Wednesday, February 23, 2011

Day 52: White-Knuckle Parenting

I will choose to find a positive perspective under even the most negative circumstances.
I will choose acceptance over resistance.
I will choose to focus on the things I value about my children, not the things that drive me nuts.
I will choose to extend the same grace, love and forgiveness to myself that I try to lavish on my husband and children each day.

One of the things this project is helping me realize is that white-knuckle parenting works about as well as white-knuckle sobriety.

If you've ever loved an addict, you know first-hand what I mean. There's believable determination, a promise to do better, that this time will be different, only to be followed up by an inevitable relapse, another disappointment. Trust is shattered along with your dreams of a better life, and you find yourself right back where you started, maybe even farther down.

Sheer will power is no way to make a change in life. But it's where I've directed so much of my energy over the years. Coming out of a typical childhood where the operative word is simply "obey," I wasn't well-versed in other options. Will power was how I approached everything, as if life was one big pre-vacation diet. If only it were that simple.

When it comes down to it, will power is just another way of saying fight. In a competitive view of the world, will power makes sense - white-knuckle parenting and sobriety for that matter make sense. If everything is a competition with a winner and a loser, all you have to do is fight hard enough to be the winner.

But as my worldview has expanded, I've come to question this philosophy that pits me against everyone and everything in my life, this outlook that is outrageously self-centered. Who wants to go through life fighting? I've seen those people, and they don't look happy. They struggle through relationships (the ones that survive, that is), their guard never comes down, they never get to just rest and be at peace. I've been that person, and I wasn't happy.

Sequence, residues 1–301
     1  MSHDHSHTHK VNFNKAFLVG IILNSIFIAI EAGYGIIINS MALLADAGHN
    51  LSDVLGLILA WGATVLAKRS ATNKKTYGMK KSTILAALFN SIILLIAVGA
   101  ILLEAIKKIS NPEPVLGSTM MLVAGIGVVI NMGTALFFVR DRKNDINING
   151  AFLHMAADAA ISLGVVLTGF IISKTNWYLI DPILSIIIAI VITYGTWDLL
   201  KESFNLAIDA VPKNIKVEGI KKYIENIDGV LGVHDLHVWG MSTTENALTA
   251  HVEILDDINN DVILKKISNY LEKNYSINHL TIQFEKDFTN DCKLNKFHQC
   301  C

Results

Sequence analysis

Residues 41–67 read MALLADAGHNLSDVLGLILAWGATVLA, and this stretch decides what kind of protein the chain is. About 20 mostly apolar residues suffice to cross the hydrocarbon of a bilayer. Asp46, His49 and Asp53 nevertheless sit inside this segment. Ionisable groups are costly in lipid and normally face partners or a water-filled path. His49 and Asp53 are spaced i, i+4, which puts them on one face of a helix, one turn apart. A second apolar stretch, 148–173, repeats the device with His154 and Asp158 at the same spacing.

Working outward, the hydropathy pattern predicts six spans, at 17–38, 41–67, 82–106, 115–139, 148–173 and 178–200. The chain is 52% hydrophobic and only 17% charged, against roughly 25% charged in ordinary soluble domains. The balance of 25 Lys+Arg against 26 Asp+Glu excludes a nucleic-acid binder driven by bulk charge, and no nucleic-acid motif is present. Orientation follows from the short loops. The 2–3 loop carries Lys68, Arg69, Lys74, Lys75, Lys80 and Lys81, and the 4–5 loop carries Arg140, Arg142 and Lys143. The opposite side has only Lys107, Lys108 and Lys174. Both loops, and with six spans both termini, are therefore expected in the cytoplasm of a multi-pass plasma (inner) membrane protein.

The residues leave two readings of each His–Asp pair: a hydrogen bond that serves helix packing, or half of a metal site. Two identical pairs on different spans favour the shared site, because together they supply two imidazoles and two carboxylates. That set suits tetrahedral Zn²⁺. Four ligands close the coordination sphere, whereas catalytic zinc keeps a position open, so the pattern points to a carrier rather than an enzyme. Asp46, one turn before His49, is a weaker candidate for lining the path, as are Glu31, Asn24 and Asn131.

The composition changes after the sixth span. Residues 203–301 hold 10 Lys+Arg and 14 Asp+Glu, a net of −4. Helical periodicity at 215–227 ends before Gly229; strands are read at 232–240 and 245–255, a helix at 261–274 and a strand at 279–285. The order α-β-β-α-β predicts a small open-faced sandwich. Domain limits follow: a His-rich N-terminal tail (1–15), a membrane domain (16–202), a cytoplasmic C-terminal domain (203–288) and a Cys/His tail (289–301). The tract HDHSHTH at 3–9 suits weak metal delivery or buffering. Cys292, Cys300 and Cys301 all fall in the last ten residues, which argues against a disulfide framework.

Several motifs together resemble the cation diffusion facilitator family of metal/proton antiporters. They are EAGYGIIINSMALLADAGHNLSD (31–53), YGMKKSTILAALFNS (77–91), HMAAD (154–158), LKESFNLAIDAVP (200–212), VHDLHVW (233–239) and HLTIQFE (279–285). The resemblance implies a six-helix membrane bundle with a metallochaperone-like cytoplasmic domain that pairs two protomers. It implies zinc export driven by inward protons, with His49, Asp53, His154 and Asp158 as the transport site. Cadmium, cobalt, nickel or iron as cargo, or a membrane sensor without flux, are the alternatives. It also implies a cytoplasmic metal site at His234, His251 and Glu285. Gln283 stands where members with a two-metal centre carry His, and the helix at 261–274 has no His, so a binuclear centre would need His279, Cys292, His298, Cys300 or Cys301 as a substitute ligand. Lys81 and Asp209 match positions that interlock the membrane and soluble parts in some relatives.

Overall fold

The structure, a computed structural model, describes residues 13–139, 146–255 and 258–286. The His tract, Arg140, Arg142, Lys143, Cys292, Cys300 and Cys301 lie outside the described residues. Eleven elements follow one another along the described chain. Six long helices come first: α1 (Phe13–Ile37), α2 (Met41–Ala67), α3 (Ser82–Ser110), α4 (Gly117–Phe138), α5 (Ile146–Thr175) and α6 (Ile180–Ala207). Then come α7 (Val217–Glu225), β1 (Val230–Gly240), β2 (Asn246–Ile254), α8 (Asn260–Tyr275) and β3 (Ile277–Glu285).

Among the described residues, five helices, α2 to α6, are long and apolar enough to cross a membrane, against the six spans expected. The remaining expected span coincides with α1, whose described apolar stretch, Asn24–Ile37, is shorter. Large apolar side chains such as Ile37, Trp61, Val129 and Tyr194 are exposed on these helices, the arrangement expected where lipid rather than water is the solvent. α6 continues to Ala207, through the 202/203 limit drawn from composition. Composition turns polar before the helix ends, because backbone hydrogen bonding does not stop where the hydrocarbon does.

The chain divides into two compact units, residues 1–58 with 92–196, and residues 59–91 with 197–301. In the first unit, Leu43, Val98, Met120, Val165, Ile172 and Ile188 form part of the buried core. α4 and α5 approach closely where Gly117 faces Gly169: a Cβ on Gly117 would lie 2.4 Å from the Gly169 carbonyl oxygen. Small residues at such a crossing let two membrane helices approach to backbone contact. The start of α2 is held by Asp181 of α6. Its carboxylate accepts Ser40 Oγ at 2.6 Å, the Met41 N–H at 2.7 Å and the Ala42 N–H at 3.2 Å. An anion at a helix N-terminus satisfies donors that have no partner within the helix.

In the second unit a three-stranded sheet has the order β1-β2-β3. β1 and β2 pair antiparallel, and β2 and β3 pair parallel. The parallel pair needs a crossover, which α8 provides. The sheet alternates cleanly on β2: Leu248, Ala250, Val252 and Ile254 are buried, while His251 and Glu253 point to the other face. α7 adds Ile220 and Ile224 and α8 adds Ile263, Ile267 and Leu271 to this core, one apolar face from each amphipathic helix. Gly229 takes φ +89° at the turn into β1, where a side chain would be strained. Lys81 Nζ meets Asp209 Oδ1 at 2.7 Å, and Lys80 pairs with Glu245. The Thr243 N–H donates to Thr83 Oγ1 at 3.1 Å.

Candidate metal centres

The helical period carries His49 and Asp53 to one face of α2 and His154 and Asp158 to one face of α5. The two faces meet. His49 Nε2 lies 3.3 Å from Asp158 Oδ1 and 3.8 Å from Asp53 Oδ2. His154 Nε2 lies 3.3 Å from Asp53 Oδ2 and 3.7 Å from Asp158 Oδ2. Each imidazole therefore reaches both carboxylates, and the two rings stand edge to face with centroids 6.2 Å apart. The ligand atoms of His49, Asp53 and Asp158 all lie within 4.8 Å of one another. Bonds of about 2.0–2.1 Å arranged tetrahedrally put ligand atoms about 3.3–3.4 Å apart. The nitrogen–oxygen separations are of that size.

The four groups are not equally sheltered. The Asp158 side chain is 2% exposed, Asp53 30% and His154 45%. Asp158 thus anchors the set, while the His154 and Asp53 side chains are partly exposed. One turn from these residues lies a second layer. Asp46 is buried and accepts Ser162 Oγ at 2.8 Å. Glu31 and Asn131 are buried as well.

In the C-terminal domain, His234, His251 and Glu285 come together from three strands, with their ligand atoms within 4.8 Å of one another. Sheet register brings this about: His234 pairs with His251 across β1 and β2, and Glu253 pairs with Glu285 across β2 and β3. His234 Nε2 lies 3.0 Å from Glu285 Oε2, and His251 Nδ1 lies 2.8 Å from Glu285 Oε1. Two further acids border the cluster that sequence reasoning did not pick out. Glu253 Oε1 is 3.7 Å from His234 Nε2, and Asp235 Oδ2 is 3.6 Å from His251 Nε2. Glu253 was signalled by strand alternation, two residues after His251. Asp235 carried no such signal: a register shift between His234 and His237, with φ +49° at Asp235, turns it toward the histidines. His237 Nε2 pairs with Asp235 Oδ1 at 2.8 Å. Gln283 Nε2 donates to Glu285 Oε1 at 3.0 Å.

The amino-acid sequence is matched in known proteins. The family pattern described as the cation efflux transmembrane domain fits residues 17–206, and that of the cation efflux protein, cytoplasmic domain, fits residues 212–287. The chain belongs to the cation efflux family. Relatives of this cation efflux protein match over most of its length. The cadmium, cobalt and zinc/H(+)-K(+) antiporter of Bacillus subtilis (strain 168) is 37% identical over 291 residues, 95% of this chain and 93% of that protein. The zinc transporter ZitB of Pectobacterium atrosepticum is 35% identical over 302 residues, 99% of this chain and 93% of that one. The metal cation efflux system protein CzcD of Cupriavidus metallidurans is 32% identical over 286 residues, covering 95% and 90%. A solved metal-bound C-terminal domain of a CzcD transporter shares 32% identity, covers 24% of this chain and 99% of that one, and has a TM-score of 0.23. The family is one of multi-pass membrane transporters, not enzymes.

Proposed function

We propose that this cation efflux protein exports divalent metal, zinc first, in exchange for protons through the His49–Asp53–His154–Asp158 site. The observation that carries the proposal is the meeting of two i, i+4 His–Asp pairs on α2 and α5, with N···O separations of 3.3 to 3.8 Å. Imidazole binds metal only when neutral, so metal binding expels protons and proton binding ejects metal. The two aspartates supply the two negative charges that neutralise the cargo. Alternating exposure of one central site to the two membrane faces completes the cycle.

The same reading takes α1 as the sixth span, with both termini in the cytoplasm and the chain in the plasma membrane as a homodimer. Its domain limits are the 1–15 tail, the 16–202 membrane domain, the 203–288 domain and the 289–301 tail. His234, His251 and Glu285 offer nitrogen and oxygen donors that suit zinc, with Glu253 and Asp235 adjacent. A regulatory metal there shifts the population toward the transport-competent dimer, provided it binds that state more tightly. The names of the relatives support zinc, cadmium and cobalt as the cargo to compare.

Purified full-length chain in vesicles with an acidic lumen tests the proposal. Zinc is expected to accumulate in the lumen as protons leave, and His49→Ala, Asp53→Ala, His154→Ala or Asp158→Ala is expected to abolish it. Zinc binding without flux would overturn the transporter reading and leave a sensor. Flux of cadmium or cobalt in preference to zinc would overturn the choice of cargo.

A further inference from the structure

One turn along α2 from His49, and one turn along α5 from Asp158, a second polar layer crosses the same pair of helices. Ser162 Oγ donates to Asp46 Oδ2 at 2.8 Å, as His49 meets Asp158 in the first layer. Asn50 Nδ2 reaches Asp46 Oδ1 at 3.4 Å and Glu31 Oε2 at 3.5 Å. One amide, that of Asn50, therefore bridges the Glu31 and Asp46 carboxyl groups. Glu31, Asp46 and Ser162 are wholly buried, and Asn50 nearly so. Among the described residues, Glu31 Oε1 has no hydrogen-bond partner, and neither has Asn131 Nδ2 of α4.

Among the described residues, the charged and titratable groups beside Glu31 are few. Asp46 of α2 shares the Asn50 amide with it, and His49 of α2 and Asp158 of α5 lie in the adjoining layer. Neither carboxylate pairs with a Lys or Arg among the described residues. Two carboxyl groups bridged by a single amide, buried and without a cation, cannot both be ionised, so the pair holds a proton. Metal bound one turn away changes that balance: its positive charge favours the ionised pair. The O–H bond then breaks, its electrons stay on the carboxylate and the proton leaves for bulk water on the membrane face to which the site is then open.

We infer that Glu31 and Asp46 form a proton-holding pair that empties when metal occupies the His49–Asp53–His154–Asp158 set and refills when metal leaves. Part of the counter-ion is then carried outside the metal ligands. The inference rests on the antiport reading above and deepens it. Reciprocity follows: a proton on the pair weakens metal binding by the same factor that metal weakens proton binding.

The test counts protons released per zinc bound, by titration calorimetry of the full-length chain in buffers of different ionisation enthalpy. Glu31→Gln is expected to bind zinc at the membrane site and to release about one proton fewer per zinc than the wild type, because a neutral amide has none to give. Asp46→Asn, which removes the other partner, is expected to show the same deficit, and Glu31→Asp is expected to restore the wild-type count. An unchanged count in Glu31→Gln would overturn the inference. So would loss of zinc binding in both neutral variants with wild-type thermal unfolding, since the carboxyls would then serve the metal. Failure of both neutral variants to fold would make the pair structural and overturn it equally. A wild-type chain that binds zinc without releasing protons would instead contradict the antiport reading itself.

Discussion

Life isn't a competition. No one has to lose so I can win. When I fall back into this default view, I set myself up for all the things I desperately want to avoid, especially as a wife and a mother; power struggles, intimidation, coercion, disrespect, a search for the win at any cost - at anyone's cost. And when I try to use will power to change these things, I only feed that competitive nature. 

In a relationship-centered world, cooperation, not competition, is the name of the game. Instead of looking for win-lose, you look for win-win (forgive the cliche, but there are no simpler term to describe it). The goal isn't to come out on top, it's to find a way to reach the top together. It's a radical change that will power can't provide.

Will power will, in fact, sabotage the effort to change because it's inherently opposed to meeting needs. And this is exactly why white-knuckle parenting, like white-knuckle sobriety, is always doomed to failure. Will power requires you to ignore your needs in order to make a behavioral (read: surface) change. It's an effort to make a change from the outside in, when true change can only come from the inside out.

So I will just say no. But not to my behavior. To the competition I've set up with my defaults, to the internal power struggle.

As I accept that my children's behaviors are expressions of need, I'll extend the same understanding to myself. Getting to the root of undesirable behaviors in myself is a little scary, but not as scary as lifetime of fighting them.

1 comment:

  1. I agree with your article especially the last paragraph. Sometimes we have to say "NO" to our children and explain to them the reason why mom said no to their request. By saying "no" to some things enable them to realize things that are important and which are not as well as know the right from wrong.